There are still other instances where we diagnose some specific cancers which are not only bad actors but very 'ugly' in nature. Evidence and experience suggest that no conventional cancer treatment would be effective. They are already in distress and cancer treatment in any form would only add to their pain, distress and adversities. Of course, there are patients and their families who expect some medical miracle and there is fear of litigation of non-performance on the part of the treating doctors. But the bare fact is that the outcome of cancer treatment does not depend on treatment. Treatment is meant for palliation. The outcome unmistakably depends on the very nature of a specific cancer.

So, these are also the circumstances where patients should be exempted from the programmes of 'anti-cancer' treatment. They should better be put on supportive and symptomatic treatment. Such an approach applies to 'terminal' cancer patients also. Medical activism is necessary however, in certain other circumstances when a 'bad' cancer is diagnosed. These cancers cause harm, because they are aggressive in nature. So, one or the other aggressive approach towards them is sometimes justifiable. But there also, one is expected to be conscious and judicious, and to weigh the pros and cons, for we are not supposed to kill our patients in the name of killing cancers.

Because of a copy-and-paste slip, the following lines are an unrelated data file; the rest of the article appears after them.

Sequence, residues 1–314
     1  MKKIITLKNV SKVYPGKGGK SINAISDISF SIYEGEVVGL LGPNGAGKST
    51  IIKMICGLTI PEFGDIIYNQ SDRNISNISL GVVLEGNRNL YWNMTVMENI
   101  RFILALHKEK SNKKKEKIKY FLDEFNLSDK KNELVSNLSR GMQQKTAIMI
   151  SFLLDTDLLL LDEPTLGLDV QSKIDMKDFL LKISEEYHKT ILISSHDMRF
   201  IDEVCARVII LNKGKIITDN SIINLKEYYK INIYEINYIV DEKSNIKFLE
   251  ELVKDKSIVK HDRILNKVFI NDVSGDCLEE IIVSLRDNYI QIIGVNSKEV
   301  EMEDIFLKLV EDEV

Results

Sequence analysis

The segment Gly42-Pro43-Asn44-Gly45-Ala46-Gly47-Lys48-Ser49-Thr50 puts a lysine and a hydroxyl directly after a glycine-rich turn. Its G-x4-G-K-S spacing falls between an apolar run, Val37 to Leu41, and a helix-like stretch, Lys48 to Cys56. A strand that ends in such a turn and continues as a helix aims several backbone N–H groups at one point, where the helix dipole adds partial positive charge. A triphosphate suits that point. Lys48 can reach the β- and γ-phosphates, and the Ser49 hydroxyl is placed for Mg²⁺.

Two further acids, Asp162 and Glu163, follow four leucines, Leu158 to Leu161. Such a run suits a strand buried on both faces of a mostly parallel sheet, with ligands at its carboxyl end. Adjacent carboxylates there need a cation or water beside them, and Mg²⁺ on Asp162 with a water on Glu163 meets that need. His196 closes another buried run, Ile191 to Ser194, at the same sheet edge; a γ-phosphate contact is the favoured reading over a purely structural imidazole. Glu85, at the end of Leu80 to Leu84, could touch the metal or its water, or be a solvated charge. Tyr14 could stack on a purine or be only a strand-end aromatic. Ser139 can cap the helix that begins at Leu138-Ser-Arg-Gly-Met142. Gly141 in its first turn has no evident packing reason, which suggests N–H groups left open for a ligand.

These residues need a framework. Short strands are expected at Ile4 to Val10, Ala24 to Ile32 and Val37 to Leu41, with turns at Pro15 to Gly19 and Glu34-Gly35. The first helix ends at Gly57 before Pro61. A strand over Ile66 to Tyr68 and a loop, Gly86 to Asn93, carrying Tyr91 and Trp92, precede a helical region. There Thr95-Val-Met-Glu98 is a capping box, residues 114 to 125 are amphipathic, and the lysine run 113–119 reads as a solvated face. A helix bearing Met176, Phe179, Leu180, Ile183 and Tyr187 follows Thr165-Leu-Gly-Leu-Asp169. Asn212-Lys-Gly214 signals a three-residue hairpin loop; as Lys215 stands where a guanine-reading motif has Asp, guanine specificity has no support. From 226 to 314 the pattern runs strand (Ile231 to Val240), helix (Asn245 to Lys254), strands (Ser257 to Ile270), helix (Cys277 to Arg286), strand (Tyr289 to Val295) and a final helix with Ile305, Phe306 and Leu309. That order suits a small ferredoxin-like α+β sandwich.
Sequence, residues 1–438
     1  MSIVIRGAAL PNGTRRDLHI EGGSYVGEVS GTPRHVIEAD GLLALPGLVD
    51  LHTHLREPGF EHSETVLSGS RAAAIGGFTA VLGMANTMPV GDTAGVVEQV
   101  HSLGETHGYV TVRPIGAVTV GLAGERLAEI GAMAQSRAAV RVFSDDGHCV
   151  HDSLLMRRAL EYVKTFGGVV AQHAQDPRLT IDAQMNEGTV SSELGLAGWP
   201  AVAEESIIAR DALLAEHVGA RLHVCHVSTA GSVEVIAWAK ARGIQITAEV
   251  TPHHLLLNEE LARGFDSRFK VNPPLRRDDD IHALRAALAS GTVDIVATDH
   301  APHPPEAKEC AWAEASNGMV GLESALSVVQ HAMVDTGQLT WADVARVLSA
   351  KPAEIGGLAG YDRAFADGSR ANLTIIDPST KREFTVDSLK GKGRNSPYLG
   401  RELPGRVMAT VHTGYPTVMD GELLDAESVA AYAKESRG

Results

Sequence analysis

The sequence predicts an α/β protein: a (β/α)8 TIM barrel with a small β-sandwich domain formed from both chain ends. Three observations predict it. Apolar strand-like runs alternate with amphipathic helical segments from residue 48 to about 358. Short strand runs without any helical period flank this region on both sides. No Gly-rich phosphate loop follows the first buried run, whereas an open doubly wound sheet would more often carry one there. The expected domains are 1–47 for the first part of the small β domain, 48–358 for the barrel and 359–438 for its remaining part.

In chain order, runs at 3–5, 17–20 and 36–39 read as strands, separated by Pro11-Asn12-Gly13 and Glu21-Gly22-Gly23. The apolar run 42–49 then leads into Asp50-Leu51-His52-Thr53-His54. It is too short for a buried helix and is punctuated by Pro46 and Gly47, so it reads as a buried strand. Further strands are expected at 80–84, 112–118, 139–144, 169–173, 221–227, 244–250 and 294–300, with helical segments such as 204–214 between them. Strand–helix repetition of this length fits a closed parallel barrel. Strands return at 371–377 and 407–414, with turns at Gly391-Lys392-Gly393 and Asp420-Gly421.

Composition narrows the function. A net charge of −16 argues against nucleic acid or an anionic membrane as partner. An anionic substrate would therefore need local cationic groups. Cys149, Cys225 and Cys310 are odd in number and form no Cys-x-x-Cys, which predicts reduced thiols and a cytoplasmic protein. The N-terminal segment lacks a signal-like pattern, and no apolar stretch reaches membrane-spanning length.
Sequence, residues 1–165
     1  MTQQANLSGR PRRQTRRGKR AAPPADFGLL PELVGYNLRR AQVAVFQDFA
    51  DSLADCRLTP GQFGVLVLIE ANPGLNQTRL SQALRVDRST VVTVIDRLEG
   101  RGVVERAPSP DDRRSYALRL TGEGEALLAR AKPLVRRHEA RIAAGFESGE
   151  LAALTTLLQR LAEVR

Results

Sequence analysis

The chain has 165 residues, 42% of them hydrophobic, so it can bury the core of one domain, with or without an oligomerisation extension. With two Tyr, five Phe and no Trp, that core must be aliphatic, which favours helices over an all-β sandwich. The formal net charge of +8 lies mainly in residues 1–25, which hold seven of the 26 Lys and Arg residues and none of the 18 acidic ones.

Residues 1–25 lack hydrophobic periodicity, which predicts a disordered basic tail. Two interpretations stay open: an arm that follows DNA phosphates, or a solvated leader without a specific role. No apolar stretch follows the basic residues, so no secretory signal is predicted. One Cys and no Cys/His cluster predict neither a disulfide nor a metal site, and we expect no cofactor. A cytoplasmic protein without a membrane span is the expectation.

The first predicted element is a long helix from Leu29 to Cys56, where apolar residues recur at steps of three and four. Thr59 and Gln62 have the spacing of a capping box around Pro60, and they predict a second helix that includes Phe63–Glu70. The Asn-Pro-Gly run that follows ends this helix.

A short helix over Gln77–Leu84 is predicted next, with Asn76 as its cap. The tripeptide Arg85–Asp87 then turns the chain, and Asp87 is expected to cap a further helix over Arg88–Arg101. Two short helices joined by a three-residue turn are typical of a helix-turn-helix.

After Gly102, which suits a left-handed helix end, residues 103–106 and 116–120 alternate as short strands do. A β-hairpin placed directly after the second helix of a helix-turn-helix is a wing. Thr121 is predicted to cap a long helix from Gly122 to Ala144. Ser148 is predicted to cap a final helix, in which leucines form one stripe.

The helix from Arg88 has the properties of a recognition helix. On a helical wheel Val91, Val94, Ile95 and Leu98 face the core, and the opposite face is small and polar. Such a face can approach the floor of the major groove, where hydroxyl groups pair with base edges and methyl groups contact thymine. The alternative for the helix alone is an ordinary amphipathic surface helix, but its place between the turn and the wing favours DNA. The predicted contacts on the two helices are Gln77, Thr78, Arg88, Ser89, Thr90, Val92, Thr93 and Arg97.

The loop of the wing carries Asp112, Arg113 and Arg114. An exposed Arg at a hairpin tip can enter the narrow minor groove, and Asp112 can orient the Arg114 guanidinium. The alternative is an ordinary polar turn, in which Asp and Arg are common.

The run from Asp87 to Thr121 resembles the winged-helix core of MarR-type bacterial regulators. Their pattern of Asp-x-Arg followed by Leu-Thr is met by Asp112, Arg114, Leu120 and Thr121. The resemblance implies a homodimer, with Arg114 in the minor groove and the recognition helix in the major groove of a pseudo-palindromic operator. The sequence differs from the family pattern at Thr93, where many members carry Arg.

Therefore, cancers are of three kinds, 'the good, the bad and the ugly'. Based on it, it seems today that many a time a strategy of 'doing nothing' is the most rational. Doing nothing of course, does not mean that we should sit idle, blissfully ignorant about the evolution of a disease. Doing nothing is not merely doing no harm. It is not just saying, there's nothing that I can do for you; so, goodbye! On the contrary, it is an art of taking utmost care in a different manner, a strategy often harder to implement than the algorithm of conventional cancer treatment. The list of 'not-to-do' includes pointless, wickedly expensive investigations also, which do not add to the value of patient's life or well-being.